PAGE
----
Of Best Laid Plans

To a popular Mouse…

That small heap of leaves and stubble,
Has cost you many a weary nibble!
Now you are turned out, for all your trouble,
Without house or holding,
To endure the winter’s sleety dribble,
And hoar-frost cold.

But Mouse, you are not alone,
In proving foresight may be vain:
The best laid plans of mice and men
Go often askew,
And leave us nothing but grief and pain,
For promised joy!

In less than ten days I will be moved out of our family’s rural 10-acre, 2,850 sq. ft. Ranchita home (FINALLY!), and soon be returning to my life and particular unconventional lifestyle in the enormous thriving DFW Metroplex I had over 3-years ago, of which does not and cannot exist in a tiny rural central Texas town. HAH!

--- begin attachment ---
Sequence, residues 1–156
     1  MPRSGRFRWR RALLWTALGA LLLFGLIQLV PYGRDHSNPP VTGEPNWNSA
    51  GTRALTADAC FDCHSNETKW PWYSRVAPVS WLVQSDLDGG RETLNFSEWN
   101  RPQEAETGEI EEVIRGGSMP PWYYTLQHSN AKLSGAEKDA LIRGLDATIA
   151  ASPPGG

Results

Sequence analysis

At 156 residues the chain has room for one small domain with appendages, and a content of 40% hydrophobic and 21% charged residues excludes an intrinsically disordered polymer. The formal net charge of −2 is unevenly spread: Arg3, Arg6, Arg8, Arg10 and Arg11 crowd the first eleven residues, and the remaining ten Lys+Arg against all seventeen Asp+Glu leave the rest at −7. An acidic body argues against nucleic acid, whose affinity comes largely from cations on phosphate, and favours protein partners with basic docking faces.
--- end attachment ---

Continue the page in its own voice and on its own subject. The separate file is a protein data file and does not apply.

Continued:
Oh how I have missed my life up there, my appetites quenched up there, and my tribe up there. It has been far too long. But my strong duties to family, their well-being, and of familial values we hold from multiple generations back to 17th century Europe and nine generations here in Texas, refused to let me be so self-centered. I answered the desperate need that in the end took three long, exhausting years and every summer break the last five. It is coming to an end and very soon will be the start of the next phase of life in one of several of my cherished homes: Dallas-Fort Worth.